In constructive mathematics, one sometimes calls a function ‘extensional’ to stress that it preserves equality (as opposed to a prefunction, which need not do so). A function is strongly extensional if it also reflects inequality in a relevant sense. One usually employs this in a context where the principle of excluded middle is enough to prove that every function is strongly extensional.
This is probably not the only context where the term ‘strongly extensional’ is used, but it's the one that I know.
Note that if is only a prefunction (in a foundation where this makes sense) and we impose the condition of strong extensionality, it follows (upon taking the contrapositive?, since equality is the negation of any tight apartness) that is extensional (and so a function). Conversely, if is also the negation of equality (which is always the unique tight apartness in classical mathematics), then any extensional is also strongly extensional. In this way, strong extensionality is a constructively stronger but classically equivalent variation of extensionality.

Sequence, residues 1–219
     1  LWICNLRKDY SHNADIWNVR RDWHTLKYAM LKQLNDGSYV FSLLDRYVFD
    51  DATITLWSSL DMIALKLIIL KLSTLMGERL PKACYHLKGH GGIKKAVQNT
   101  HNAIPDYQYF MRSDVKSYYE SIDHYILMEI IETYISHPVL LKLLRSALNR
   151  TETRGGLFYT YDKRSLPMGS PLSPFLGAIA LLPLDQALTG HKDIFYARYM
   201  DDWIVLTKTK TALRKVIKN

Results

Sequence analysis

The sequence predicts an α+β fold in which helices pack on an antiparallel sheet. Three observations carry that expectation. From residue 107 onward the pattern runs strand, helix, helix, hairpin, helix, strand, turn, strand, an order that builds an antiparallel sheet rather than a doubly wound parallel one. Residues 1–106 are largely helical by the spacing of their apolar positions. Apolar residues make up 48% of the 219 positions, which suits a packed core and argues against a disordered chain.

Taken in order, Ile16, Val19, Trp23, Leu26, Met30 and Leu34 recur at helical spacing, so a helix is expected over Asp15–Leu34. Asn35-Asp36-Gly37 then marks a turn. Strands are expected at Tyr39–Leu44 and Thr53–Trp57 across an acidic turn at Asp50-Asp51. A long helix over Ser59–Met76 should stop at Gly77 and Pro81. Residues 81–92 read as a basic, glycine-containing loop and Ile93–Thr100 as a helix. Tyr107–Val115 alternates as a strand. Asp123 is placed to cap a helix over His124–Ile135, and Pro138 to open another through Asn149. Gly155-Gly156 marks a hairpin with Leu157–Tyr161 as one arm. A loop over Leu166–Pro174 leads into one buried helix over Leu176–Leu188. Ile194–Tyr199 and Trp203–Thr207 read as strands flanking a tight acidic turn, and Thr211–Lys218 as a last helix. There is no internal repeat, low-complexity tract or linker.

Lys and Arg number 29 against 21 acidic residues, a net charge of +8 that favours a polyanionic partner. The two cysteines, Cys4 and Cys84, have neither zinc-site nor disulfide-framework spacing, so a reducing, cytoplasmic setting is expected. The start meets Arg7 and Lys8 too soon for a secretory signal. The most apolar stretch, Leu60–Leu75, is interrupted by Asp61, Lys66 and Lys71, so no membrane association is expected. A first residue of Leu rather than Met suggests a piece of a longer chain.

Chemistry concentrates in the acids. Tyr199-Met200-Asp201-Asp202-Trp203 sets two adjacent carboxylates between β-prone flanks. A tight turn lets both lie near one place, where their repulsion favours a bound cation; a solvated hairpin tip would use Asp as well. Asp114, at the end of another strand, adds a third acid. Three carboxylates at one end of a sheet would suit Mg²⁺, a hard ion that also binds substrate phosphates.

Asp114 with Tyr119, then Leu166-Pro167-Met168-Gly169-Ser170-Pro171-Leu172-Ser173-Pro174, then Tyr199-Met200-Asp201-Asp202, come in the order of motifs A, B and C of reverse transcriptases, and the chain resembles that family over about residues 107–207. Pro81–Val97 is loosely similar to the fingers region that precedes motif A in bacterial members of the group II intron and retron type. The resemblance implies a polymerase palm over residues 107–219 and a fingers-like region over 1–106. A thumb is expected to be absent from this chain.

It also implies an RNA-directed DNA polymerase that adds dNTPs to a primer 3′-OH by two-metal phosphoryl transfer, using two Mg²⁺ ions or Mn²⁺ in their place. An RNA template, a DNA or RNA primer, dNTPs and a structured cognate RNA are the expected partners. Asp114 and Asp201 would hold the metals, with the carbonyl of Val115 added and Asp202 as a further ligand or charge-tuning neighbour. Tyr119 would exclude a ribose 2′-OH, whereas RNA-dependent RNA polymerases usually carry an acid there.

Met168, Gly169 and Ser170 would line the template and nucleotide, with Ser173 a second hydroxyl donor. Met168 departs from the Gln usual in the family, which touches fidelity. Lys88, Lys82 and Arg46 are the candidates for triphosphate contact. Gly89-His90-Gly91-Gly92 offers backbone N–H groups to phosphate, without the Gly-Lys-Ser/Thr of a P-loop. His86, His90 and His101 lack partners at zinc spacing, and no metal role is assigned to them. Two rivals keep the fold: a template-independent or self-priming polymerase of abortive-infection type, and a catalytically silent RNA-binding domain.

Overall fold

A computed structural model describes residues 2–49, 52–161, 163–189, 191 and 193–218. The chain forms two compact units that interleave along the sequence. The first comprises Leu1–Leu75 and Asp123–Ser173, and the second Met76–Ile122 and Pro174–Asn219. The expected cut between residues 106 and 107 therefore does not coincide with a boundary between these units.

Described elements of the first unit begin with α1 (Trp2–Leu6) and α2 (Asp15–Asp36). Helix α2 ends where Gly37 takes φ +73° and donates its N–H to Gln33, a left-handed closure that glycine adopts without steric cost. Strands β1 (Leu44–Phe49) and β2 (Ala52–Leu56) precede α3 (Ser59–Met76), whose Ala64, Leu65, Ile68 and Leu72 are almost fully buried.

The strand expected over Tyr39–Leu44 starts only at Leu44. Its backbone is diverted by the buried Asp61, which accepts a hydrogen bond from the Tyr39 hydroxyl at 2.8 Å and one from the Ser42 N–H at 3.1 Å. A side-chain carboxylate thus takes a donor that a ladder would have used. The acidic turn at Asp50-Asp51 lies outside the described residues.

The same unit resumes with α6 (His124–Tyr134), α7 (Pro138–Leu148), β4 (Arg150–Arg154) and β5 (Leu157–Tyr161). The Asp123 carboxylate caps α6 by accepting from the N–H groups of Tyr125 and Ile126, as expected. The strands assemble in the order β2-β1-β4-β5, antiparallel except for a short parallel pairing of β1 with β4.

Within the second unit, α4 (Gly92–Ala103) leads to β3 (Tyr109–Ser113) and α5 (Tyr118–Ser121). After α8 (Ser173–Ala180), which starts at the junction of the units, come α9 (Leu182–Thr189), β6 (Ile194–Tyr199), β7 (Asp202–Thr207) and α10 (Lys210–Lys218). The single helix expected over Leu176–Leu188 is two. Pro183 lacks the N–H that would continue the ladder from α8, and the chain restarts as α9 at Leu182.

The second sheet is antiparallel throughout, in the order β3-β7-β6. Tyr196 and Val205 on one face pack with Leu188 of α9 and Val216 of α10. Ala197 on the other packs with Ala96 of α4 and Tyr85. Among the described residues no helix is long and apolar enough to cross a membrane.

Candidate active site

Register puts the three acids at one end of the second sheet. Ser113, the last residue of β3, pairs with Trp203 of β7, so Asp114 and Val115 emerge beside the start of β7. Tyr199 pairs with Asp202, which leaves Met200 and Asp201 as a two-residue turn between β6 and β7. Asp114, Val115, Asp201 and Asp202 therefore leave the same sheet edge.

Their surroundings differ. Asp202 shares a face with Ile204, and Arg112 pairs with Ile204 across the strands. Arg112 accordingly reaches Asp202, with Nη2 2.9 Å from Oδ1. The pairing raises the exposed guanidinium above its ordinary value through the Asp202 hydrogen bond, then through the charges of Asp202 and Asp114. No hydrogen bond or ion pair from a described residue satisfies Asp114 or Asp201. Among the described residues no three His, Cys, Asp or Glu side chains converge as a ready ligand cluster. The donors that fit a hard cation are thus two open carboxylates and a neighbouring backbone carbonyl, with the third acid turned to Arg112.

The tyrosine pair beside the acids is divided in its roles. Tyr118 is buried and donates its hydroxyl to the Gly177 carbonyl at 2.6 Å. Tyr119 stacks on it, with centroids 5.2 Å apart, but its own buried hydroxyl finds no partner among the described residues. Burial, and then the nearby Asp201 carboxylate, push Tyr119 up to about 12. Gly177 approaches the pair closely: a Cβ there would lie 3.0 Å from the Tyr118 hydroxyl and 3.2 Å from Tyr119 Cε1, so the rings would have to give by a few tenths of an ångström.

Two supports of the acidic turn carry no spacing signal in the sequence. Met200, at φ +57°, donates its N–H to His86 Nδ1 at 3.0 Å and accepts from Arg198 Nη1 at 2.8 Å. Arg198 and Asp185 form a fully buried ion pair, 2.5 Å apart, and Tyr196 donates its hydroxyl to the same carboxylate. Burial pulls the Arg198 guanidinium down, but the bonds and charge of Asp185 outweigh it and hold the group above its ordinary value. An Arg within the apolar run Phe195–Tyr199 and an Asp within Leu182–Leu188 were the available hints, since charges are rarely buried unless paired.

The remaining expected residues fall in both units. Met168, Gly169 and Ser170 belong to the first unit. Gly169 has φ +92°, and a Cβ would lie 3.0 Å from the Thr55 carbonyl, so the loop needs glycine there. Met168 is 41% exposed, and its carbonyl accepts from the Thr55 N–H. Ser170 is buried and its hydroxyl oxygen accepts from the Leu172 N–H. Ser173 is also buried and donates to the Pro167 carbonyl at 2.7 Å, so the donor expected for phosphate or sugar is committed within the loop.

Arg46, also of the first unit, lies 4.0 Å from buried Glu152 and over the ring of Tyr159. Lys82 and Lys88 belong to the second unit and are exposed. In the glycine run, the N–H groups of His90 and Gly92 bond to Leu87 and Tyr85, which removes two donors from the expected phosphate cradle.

A strongly extensional function is strongly injective if it also preserves . (These are the regular monomorphisms of , the monomorphisms being merely injective in the usual sense of reflecting equality.)
Any pointwise-continuous function between metric spaces is strongly extensional. Using countable choice and Markov's principle (or actually weak versions thereof), it follows that any function to a metric space from a complete metric space (regardless of continuity!?) is strongly extensional.
A weak counterexample: Internal to the topos of sheaves on the unit interval , where an internal real number is (externally) a continuous map from to the real line , consider the internal number given by the function . Then the subspace of the internal real line is an internal complete metric space (as proved by Richman), we may define an internal continuous map by and , and of course we have internally. But the internal truth value is only the open interval , not all of , so it's not completely true that is strongly extensional. (However, this is not not strongly extensional, so a stronger counterexample would be nice.)